We know that the complexity of $T(n)=2T(n/3 + 1) + n$ is $\Theta(n)$, as has been proved on this exchange before. However, what about proving it inductively? I believe that this method might work.
Guess $T(n) \leq cn-d$. Assume true for $m < n$. Specifically, $m = n/3 < n$ Then, $T(n) \leq cn-d$.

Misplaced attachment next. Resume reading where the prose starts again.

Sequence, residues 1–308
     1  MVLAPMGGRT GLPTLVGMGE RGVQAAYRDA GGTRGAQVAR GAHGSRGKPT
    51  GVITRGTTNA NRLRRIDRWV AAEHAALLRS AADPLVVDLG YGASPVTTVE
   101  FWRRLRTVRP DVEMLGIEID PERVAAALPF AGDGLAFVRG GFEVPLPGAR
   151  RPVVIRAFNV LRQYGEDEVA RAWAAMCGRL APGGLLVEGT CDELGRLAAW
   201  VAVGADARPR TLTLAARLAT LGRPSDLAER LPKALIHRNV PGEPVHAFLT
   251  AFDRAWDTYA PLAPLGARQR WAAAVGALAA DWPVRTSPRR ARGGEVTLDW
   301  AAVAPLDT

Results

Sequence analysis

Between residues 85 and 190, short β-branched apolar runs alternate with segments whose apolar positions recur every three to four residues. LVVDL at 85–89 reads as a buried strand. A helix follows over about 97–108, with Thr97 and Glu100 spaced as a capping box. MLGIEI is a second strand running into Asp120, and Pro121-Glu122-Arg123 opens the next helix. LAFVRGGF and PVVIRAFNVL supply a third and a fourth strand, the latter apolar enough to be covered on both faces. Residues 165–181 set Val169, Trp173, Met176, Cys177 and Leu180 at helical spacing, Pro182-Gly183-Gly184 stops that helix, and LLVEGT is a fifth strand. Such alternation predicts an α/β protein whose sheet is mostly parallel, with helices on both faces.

$T(n) \leq 2(cn/3 - d + 1) + n$ $= 2cn/3 - 2d + 2 + n$ $=n(2c/3+1)+2(1-d)$. Then for values of $c \geq 1$ and $d \geq2$ we have $T(n) \leq cn - d$. Then $T(n)=\Theta(n)$.
What does everyone think?